Marcus and Phoebe are to be mated, but first Phoebe needs to become a vampire. She must be separated from Marcus as she learns how to control her new body and thirst for blood. As Marcus waits out the separation with Diana, she gets him to speak of how he became a vampire, his past spanning the American and French Revolutions.
Time’s Convert works as a companion book for those eager to revisit the world and characters of the All Souls trilogy. I liked the details of Diana and Matthew’s domesticity with raising their kids. The “birth” of a new vampire seems to be something which draws together all the family members meaning you get cameos from most the surviving cast.
The book alternates between, Phoebe and Diana in the present and Marcus in the past. Phoebe spends most of her time indoors, until she stops being light-struck, and her part explores the mythology of the vampires in this world. It’s quite detailed in the process of learning how to be a vampire without much dramatic tension, other than worrying about the cat.
We are, all of us, asked to grow up too quickly. It is the way the gods remind us that life, no matter how long, is still but a breath.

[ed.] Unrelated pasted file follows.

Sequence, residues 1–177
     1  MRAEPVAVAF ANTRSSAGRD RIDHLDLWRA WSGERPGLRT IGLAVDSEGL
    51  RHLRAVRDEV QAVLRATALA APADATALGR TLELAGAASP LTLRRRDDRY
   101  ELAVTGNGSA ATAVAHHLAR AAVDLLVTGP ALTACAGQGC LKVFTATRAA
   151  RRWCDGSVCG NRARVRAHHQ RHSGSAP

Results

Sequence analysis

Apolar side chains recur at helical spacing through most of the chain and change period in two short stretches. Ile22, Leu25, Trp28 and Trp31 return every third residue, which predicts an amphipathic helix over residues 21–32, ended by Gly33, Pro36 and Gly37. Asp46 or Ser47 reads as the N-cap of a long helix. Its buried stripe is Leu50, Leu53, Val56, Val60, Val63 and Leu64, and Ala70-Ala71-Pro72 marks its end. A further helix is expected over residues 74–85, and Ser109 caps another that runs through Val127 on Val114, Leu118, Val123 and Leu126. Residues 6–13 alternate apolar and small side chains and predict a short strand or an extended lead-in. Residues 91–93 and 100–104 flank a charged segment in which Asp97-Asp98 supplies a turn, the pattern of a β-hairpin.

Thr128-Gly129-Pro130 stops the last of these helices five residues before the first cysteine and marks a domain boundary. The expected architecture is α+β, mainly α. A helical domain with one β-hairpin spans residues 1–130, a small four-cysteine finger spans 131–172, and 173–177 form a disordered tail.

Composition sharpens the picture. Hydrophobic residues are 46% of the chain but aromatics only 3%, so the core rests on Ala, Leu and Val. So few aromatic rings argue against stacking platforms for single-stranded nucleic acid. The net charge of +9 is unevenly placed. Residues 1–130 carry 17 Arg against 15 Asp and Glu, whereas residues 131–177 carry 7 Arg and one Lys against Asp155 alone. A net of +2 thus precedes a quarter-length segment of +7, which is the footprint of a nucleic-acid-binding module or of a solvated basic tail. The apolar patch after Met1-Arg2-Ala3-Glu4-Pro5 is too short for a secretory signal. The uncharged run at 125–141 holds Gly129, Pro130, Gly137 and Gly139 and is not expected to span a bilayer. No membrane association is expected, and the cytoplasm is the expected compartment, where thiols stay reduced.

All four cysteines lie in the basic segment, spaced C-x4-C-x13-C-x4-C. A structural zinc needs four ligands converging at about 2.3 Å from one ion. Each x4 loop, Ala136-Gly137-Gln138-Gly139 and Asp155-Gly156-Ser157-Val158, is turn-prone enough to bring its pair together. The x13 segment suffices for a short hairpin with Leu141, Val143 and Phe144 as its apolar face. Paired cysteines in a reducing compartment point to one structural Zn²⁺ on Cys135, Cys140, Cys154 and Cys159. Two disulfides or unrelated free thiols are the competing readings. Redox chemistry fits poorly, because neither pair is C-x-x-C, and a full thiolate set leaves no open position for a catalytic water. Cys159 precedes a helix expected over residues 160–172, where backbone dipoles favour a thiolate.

The substance is provided by Marcus’ backstory. You can tell Deborah Harkness is a historian as it encompasses a lot of historic details from the American Revolution, which was where Marcus came into contact with Matthew. There was pestilence, injury and death in abundance and here he became known as Doc, despite not being a real doctor.
The parts told in first person are from Diana, who is dealing with the fact her children are coming into their powers. Baldwin is watching them and wants them to be spellbound should they become unmanageable, but she doesn’t want to repeat what her parents did to her. There’s a theme of controlling parents throughout, and a suggestion that if you leave things be, children will make the right choices for them, eventually.
I thought I was trading a life of powerlessness for one of freedom when I became a vampire. But I was wrong. I simply exchanged one patriarch for another.
It just seems to lack purpose and the momentum isn’t there. I knew Marcus would be OK because here’s there to tell the tale. I enjoyed reading it but never felt I had to rush to get back to it. I didn’t really know enough about either revolution to pick up on the historical characters, other than Monsieur Guillotin, but there are a few more to pick up on.
Time’s Convert is published by Headline and will be available in hardback and ebook editions from 18th September 2018. Thanks go to the publisher for providing a copy for review.
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Disclosure: I received a copy of this book free of charge for review purposes only. Receipt of a book does not guarantee a review or endorsement. My reviews are my honest opinion and are not biased for the purpose of personal gain.
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